Once rain was welcome here
falling through a verdant canopy
that was an aerial highway
for the teeming life that tangled the air
with shrieks and howls and padded footfalls.
Once the forest was a fecund cradle
of life and diversity,
of familial allegiances and purposeful play,
of strange alliances and colorful camouflages.
That was before the forest was felled
and the smoke of fires
blackened the once green sky.
Then dry land became sand
drifting in unobstructed wind,
heaping into dunes and desert,
leaving the Amazon bleached of color,
and it’s raucous calls forever silenced.
Except at night
when the sand cools,
and memories wander the dunes,
shuffling through pieces of dreams,
puzzling over the scent of loss.
The earth shudders
and shakes off its burden.
The violators are gone.
The abusers are gone.
The innocent are gone.
Nothing moves on it
that has a plan or a need.
Great shoulders of rock
push against the sky.
Fires in its belly erupt,
and seas boil.
The wind roars across its surface,
and nothing impedes it’s progress.
Nothing scurries across its path.
No voice is carried on its breath.
It isn’t possible to weep for them all,
so I think of only one.
You there lying on the sand,
your dreams diminished
and your stories untold.
Your Earth was once home to
so many inventive ways of being.
Museums teased the imagination
with clues of glorious civilizations
long gone before this final end.
The end that began with unchecked
smokestacks and accelerated
greed and ignorance.
Glaciers melted, oceans rose,
floods and droughts and fires
destroyed all life, all possibilities.
Will some future visitor
unearth the marble hand of David
holding a computer chip?
Or uncover the bones of a
Red Winged Blackbird and
long to hear it’s echoing trill?
Perhaps they will find a
fossilized paw print and hear
the lion roar across time.
And finding them, will they
marvel and mourn the loss?
Or is mine the last testament
to such an unnecessary end?
Blood boils up from the ground.
Sanctioned death all around.
Weep now for the fatherless children,
and laughter lying in the corner
of empty rooms.
Weep now because the arrogance of power
assumed the privilege of judgment.
Weep now because killing is done
in the name of God,
And not in the name of ignorance
My land is parched and dry.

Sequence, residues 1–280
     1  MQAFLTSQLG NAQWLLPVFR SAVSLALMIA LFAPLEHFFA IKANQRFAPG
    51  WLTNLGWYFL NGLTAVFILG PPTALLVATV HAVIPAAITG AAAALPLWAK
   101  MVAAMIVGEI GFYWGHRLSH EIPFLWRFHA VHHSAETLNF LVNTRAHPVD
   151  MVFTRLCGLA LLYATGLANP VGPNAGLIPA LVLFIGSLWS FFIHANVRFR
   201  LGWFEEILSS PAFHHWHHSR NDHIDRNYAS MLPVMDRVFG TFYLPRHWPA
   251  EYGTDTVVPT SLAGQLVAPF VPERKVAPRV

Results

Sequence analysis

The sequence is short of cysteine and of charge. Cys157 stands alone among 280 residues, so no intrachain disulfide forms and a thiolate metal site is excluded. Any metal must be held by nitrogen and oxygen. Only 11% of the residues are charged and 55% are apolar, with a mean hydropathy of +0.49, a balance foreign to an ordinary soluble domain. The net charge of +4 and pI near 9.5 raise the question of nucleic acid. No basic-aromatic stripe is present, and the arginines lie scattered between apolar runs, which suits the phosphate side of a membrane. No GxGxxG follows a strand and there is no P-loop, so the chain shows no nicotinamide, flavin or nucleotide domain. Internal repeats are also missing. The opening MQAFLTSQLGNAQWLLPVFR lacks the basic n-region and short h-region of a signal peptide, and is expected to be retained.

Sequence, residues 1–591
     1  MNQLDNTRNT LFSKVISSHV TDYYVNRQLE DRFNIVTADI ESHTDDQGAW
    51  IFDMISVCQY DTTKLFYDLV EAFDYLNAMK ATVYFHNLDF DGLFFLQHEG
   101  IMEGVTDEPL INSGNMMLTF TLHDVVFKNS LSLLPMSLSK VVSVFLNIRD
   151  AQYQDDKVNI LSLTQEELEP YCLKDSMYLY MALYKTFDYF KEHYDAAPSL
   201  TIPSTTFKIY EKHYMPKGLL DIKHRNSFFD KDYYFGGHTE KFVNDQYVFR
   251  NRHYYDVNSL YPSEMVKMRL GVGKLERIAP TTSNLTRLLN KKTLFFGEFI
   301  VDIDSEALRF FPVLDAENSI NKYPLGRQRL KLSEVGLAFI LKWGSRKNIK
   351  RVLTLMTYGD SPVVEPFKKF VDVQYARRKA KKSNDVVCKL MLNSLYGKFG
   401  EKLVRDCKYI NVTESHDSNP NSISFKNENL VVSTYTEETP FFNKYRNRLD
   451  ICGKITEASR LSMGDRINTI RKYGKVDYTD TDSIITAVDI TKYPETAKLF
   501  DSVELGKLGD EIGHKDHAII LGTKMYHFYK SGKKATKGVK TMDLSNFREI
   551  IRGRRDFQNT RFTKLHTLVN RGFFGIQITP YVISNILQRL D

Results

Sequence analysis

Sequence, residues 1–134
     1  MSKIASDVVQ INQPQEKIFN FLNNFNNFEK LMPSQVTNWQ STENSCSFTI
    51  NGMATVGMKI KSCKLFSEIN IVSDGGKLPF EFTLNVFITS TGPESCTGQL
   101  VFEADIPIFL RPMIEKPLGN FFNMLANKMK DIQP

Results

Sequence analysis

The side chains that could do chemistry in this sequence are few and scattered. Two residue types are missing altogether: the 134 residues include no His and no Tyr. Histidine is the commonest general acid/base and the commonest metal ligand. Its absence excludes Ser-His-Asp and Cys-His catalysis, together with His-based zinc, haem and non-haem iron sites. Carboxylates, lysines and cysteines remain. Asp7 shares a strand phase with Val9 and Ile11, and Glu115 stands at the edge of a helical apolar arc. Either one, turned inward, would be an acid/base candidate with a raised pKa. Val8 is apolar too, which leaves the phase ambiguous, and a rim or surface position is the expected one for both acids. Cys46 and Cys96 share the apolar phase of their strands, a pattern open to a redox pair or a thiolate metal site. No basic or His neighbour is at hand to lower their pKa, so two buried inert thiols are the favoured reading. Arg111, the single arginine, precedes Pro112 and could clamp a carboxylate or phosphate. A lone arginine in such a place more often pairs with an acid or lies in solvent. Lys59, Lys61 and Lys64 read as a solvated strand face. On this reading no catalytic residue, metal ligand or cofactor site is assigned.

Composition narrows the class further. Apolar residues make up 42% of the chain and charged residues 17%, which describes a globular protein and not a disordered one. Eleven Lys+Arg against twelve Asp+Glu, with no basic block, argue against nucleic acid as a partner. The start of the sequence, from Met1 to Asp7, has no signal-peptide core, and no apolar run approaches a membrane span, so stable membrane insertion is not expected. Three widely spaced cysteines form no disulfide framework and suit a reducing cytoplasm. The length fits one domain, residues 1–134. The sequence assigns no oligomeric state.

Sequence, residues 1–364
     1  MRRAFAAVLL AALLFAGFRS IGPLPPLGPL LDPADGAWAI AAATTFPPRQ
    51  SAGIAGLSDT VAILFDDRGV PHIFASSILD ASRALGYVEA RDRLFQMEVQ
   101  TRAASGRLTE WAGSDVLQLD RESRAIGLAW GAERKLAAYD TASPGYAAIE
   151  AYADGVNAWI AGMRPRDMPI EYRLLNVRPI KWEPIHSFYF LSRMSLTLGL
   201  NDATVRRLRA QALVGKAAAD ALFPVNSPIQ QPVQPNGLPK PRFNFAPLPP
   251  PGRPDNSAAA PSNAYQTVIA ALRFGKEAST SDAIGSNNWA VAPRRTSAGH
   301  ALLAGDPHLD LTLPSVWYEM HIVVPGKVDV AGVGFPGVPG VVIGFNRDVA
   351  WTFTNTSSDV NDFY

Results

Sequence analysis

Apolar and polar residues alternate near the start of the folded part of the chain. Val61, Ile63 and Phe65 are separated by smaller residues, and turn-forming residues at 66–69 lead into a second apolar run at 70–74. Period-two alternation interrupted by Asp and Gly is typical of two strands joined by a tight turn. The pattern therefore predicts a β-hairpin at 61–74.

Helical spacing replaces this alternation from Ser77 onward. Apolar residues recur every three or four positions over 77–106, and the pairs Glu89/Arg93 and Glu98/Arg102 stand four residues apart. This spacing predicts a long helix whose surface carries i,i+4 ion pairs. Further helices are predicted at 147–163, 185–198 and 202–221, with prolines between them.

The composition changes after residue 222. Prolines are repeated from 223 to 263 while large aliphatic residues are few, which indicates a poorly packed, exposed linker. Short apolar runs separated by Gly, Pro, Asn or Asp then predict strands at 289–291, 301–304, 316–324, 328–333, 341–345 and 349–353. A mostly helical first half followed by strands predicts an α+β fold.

I’ll take your green fields.
My land has no water.
I’ll take your wells.
My land has split open.
I’ll take your safe homes.
I’m leaving my land.
I’m coming for yours.
A Young Girl’s Dream
When I was young,
I watched the old travelogues
and dreamed of going abroad,
Of wandering through narrow cobblestone
streets and sitting at a sidewalk cafe
eating glorious French bread,
of lingering over wine for hours as I
watched friends gossiping in the square.
I dreamed of going to Santorini
with its white, round-shouldered houses
trimmed and topped in Aegean blue.
I longed to climb its narrow streets
suited to donkeys and cats, but never cars.
To be in such a place, I would feel Odysseus
in my bones and think of Helen as a sister.
But fate found me in Greece when volcanoes
were erupting, creating a new island
no one would be left to populate.
Some people had refused to leave,
preferring to die where they had lived.
Even amid the ruin, I understood.
Today I try only to remember the dream
of a young girl in a small room sitting
at a computer, watching a gentle sun
kissing blue roofs that mimic the color
of the sea and feeling the languor of
a cat asleep on someone’s lap.
The sky fills with carbon
from our comforts and profits.
We ignore the science
and the possibilities for change.
We reap floods, and fires, and
drought, and death.
Centuries cover our footprints,
and caves echo our voices.
The Earth shrugs and remembers
countless millenniums without us.
We arrogant humans have been
but a pimple on the face of the planet.
We must get serious about climate change.